An arrangement of the latter type, on which the present invention is based, is disclosed in U.S. Pat. No. 2,200,276. The arrangement comprises a plurality of sequential work stations, to each of which the paper tube is fed in succession. At the work stations, the end walls are gradually inserted into the tube, which is bent around the end walls and bonded therewith by heat sealing. A work station for heating up the tube is arranged directly upstream of the work station which bonds the compoments. In the work station which heats, hot air is suppled to the end areas of the tube, in which the end walls are already inserted. The hot air streams against the outer side of the tube as well as against its inner side, whereby, due to the already inserted end walls, the hot air reaches only a small way into the inside of the tube. This arrangement takes up much floor space and is very complicated in design.

U.S. Pat. No. 5,135,462 discloses an arrangement for manufacturing a can comprising a paper sleeve and two end walls. A single-layer paper tube is wound from one blank, both end walls are inserted therein and bonded thereto with this arrangement by heat sealing. However, it is not possible to produce a relatively bend-resistant tube, particularly a multi-layered tube made from paper.

It is an object of the present invention to make a can in which the sleeve and the end walls are bonded together in a stable condition. A further object of the invention is to design an arrangement for manufacturing such a can.

This object has been achieved in accordance with the present invention, in which the end walls each comprise a rim projecting outwards, around which rim the tube is bent and bonded by heat sealing. In this manner, it is possible to create a stable and sealed bond between the tube which forms the sleeve and the end walls, without being tied to a certain thickness or rigidity of the material of the end walls.

The rim is already present before the tube is bent around it. Such bending and heat sealing, assure that the end wall is clamped securely and held stable by the relatively thick and bend-resistant tube. The clamping effect is permanently ensured by means of the heat sealing, and the joined point is sealed off additionally.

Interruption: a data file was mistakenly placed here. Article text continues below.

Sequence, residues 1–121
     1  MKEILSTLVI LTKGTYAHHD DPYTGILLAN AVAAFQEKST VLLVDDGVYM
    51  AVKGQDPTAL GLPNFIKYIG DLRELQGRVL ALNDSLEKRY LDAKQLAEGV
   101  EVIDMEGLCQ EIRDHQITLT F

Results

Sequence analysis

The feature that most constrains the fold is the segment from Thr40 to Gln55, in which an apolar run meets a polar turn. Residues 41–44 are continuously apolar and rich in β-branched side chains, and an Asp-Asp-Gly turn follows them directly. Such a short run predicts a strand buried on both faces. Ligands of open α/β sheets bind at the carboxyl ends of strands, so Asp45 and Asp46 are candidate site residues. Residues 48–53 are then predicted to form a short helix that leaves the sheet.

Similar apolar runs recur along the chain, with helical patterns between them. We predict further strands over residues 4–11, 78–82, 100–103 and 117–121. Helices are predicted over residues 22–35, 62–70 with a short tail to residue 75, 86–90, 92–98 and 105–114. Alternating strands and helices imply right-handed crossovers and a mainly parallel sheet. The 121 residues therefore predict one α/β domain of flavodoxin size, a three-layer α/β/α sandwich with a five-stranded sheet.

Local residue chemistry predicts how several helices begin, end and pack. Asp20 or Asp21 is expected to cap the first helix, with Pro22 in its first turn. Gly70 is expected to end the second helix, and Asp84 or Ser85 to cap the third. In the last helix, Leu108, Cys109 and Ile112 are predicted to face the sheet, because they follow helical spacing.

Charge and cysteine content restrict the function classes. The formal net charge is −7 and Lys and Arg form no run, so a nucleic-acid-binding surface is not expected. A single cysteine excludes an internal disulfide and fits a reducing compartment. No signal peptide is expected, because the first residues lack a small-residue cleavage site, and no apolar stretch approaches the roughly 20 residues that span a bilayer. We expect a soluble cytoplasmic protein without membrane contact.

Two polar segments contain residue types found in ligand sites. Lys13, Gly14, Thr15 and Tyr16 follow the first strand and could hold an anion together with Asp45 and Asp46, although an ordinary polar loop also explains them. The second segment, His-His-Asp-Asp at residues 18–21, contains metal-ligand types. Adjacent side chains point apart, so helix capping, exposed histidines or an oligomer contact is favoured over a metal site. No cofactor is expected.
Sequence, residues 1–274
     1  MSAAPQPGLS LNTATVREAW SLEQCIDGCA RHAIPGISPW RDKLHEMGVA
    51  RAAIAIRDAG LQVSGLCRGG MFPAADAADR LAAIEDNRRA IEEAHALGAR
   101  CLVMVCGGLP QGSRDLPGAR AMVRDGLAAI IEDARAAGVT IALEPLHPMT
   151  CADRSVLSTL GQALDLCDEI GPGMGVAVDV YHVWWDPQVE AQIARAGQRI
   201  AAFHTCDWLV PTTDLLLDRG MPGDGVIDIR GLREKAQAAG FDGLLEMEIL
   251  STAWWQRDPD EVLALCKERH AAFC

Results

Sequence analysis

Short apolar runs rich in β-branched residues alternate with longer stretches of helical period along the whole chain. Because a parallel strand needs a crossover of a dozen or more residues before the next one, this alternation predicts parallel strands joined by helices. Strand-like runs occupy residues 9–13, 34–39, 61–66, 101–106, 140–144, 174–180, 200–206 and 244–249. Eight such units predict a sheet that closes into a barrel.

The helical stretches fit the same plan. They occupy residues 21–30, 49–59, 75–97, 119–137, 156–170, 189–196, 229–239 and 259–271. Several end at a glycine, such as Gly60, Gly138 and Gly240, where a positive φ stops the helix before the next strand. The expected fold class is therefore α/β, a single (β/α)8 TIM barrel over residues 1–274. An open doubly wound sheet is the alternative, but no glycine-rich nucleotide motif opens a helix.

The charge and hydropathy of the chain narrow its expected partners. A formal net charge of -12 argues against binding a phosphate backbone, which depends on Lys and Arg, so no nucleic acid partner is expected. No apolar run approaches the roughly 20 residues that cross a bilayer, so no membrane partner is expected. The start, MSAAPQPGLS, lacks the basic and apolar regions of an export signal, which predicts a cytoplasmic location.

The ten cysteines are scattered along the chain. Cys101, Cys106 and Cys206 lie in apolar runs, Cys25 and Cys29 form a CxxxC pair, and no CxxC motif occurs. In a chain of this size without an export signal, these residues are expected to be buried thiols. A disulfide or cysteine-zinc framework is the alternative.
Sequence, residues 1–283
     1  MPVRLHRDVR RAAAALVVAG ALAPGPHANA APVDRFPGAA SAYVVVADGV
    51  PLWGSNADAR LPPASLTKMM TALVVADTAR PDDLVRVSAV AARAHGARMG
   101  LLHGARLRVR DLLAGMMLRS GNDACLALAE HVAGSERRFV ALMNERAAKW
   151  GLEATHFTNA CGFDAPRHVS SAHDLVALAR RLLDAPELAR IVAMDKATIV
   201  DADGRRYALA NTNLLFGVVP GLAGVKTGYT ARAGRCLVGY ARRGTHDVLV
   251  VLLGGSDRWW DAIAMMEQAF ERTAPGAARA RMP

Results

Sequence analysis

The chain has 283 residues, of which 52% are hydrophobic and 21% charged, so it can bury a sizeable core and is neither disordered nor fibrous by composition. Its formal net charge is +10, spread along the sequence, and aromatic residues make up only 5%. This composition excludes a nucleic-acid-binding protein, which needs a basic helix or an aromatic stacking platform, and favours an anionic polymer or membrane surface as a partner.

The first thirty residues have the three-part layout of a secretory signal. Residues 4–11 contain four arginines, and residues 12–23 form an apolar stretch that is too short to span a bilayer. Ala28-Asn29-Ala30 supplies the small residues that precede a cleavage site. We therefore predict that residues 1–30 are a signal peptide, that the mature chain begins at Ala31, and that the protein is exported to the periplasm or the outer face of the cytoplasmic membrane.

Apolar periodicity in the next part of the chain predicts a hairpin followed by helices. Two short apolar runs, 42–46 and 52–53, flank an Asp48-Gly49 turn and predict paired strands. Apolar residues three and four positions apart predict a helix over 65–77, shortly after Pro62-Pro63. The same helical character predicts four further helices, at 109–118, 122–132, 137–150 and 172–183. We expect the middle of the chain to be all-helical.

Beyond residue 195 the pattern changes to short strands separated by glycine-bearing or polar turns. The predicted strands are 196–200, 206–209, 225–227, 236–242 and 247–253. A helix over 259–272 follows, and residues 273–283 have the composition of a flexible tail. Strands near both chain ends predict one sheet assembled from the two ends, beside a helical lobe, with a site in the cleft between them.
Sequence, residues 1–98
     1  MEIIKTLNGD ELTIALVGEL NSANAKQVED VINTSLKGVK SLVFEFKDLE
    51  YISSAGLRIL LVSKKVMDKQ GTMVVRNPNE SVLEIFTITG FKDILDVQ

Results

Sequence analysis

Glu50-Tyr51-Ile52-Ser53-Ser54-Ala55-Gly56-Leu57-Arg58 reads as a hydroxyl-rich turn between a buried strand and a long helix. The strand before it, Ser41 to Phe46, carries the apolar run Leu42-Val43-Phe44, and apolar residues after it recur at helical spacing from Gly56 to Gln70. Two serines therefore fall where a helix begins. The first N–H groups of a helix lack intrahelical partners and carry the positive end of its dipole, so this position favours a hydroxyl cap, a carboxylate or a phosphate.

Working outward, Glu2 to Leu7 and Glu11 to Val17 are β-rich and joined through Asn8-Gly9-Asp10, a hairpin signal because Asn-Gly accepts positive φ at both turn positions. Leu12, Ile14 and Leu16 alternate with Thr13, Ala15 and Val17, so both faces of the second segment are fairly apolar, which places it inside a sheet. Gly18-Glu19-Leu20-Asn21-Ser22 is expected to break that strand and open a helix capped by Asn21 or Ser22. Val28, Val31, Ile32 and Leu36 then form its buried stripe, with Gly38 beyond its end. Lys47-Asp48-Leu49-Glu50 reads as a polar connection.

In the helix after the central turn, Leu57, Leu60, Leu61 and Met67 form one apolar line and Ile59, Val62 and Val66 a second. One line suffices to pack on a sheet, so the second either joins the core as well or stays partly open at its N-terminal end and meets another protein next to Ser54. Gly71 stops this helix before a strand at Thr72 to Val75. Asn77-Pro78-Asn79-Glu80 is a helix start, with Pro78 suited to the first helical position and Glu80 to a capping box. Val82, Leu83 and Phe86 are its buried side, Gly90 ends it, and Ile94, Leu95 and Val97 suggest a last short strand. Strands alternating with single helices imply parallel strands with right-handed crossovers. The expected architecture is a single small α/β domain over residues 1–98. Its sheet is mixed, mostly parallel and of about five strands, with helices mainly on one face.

The end wall has absolutely no supporting function. Material can be used, therefore, which is independent of the supporting function, thus permitting end walls of stronger or weaker rigidity, or greater or less thickness. The material properties of the end walls need only be such that they permit the tube to form a stable and sealed bond.

The relatively thick and bend-resistant material does not prevent the production of a stable and sealed bond. Any problems resulting from the thickness or bend-resistance can be solved by means of a suitable arrangement, further described below.

In an advantageous embodiment of the present invention, the tube forms a heat seal seam on each side of a rim, thus creating a particularly stable and sealed bond between the sleeve and the relevant end wall.

It is also advantageous that the end wall comprises in the area of the rim (on at least one side) a heat sealable plastic layer, thus creating the conditions for a particularly effective stable bond.

In a further advantageous embodiment of the invention, a heat sealable plastic layer is provided on the inside of the tube. A plastic layer of this type can be used for producing the above mentioned heat seal seams as well as for sealing the entire inner surface of the sleeve.

In an advantageous embodiment of the present invention, the end wall consists of paper. This cheap material is very suitable for manufacturing the can of the present invention. As the end wall is supported only by the section of the tube bent around the rim, very little is required of the material of the end wall.

In another advantageous embodiment of the present invention, outside of the area of the rim, the end wall is at least approximately planar.

In still another advantageous embodiment of the present invention, the end wall comprises a filling opening.

The object of the present invention has been achieved in that at least one work station for heating the tube is arranged upstream of the work station for inserting a end wall. Both ends of the paper tube can be heated, so that even the thickest material can be bent and sealed without difficulty. As the heating up takes place before the end walls are inserted, the area of the tube which is covered by the rim of a end wall after it has been inserted can be sufficiently heated. This is vital for forming a sufficiently stable heat seal seam between the rim and the inner side of the tube. In addition, the heat also softens the area of the paper tube to be bent, so that it can bend without difficulty.

In an advantageous embodiment, the working stations for heating the tube are designed so that each inner side of an end area of the tube is heated. In this manner, the plastic layer which is usually applied to the inside of the tube and which plastic layer is used for the heat seal seam, can be directly acted upon.

In a further advantageous embodiment of the present invention the work stations for heating the tube are designed so that the respective outer side of an end area of the tube is heated. Thus the paper layers in particular can be softened for bending.